At the end of 2022, Japan published the draft of a new national decarbonization strategy. The Basic Policy to Implement a Green Transformation (GX) will, in effect, become Japan’s top energy and climate roadmap. While the document covers the costs, volumes and timelines for 22 industrial sectors, it is item No. 16 that drew almost all the attention: the plan to build new nuclear reactors in Japan. This marks a major reversal of government policy over a decade since the Fukushima accident after which even discussing it was political taboo.
To be sure, the word “nuclear” is almost entirely absent from the slide dedicated to the change. Instead, the GX roadmap refers to “innovative next-generation reactors”, tacitly acknowledging the size of the state policy leap in the last 12 months.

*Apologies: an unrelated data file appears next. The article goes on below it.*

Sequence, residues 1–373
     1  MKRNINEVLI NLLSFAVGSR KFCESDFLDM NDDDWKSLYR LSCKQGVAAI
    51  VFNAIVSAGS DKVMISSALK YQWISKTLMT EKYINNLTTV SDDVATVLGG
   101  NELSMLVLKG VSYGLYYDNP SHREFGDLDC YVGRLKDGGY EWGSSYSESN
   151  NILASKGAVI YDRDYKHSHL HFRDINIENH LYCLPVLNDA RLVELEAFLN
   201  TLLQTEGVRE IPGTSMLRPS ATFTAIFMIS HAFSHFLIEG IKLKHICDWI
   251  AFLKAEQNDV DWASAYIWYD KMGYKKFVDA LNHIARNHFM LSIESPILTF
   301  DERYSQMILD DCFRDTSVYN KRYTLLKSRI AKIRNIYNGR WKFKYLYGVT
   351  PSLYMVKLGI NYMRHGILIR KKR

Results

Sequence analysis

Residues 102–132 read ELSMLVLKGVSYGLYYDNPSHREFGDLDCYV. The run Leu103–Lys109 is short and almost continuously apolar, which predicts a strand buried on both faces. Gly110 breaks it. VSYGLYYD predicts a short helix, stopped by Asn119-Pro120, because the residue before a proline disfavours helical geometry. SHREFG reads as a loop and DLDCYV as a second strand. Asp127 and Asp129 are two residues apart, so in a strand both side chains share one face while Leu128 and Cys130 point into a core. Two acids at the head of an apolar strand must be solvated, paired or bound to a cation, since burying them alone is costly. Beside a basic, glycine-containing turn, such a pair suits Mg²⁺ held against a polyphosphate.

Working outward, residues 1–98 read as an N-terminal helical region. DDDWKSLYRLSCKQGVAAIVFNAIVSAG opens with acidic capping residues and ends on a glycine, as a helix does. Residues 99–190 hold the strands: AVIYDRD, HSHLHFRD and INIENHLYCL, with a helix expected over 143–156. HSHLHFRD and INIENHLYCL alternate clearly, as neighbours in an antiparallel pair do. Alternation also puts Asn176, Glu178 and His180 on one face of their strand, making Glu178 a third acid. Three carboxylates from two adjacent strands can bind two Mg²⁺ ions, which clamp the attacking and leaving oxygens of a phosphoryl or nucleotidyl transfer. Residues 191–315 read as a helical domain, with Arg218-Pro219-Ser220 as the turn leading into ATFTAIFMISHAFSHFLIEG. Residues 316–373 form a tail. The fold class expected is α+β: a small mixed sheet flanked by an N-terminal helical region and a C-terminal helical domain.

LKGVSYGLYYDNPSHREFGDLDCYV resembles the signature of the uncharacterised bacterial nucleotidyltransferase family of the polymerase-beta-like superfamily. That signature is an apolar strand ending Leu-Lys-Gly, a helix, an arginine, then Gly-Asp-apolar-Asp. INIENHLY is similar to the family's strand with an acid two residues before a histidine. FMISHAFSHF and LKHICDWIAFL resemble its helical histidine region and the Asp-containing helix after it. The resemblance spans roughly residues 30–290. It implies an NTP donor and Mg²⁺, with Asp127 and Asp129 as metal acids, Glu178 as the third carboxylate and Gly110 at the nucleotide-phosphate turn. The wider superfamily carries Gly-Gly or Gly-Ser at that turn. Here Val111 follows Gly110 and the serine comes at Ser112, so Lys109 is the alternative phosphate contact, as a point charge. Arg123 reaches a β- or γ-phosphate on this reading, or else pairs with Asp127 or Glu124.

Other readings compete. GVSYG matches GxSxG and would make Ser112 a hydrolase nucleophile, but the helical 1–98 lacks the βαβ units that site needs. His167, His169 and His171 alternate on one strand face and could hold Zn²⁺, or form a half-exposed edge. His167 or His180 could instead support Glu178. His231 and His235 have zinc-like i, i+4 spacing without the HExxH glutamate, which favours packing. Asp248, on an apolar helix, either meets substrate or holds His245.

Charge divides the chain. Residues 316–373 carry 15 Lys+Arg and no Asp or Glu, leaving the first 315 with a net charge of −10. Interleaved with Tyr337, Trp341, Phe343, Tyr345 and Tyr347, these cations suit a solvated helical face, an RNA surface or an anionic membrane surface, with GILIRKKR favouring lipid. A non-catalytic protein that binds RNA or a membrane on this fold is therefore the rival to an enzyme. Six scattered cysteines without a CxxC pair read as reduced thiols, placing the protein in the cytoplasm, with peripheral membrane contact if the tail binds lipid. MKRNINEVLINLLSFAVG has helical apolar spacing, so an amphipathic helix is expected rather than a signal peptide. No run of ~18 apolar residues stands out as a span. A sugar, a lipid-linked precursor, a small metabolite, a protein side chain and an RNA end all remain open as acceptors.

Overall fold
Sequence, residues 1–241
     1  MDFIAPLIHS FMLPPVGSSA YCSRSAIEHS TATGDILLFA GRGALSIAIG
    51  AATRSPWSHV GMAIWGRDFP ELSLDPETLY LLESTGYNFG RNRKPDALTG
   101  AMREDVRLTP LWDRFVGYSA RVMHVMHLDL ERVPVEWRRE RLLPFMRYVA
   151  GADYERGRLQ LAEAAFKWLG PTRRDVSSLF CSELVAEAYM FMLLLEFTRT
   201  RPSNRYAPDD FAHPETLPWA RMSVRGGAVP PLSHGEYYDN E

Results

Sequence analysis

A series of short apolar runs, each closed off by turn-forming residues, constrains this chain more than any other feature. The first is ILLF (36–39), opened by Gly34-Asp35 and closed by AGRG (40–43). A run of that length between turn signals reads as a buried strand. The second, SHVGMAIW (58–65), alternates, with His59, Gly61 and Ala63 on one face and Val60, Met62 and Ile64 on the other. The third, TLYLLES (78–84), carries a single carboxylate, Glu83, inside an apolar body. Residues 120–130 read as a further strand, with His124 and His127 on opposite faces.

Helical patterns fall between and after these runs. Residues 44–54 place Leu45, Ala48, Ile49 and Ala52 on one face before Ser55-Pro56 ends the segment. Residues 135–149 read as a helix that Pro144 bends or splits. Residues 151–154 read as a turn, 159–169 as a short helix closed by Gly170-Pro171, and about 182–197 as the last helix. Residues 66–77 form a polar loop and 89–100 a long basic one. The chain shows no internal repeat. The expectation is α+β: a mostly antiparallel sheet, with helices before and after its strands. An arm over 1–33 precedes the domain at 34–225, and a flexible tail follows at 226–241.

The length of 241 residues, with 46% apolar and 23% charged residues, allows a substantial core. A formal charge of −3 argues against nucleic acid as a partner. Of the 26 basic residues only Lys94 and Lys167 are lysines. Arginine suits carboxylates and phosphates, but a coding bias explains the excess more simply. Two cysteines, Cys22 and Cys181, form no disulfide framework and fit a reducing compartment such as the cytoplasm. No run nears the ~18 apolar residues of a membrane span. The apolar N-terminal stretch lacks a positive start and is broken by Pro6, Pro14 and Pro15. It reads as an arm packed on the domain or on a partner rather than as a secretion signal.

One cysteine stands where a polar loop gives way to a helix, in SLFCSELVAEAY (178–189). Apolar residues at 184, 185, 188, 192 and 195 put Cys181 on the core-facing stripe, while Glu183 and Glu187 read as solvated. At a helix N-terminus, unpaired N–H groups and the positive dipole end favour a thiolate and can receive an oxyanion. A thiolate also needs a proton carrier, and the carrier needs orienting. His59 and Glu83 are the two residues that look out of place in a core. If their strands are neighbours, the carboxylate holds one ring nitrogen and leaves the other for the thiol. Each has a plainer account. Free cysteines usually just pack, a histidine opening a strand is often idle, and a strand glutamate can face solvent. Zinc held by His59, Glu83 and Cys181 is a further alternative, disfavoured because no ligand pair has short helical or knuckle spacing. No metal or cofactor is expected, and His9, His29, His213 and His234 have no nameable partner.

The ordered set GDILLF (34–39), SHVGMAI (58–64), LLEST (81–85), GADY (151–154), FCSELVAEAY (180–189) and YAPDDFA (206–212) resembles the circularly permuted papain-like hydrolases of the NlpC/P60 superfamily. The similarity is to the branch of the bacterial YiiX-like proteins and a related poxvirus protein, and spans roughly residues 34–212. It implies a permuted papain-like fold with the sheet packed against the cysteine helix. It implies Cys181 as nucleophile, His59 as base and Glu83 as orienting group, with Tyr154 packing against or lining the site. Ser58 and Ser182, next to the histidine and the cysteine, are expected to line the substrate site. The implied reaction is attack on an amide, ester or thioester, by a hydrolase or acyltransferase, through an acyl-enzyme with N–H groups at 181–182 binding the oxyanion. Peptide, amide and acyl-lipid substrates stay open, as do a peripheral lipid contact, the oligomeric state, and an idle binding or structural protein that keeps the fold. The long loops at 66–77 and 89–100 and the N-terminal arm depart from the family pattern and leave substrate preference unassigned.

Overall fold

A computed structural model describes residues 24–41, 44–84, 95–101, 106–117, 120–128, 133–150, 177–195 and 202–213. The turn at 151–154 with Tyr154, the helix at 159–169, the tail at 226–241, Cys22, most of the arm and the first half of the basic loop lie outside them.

Laying Fukushima’s ghosts to rest is only a part of the strategy, and one that officials say has become overblown in the media. Potentially more significant is the clear support for carbon pricing, a detailed commitment to carbon capture and storage, and the emphasis placed on hydrogen and battery sectors.
For all the industrial, financing and technical details crammed into the strategy, Prime Minister Kishida’s Cabinet faces a tricky task, that of convincing the broader public that GX is not just about bringing Japan’s dormant nuclear power units back online.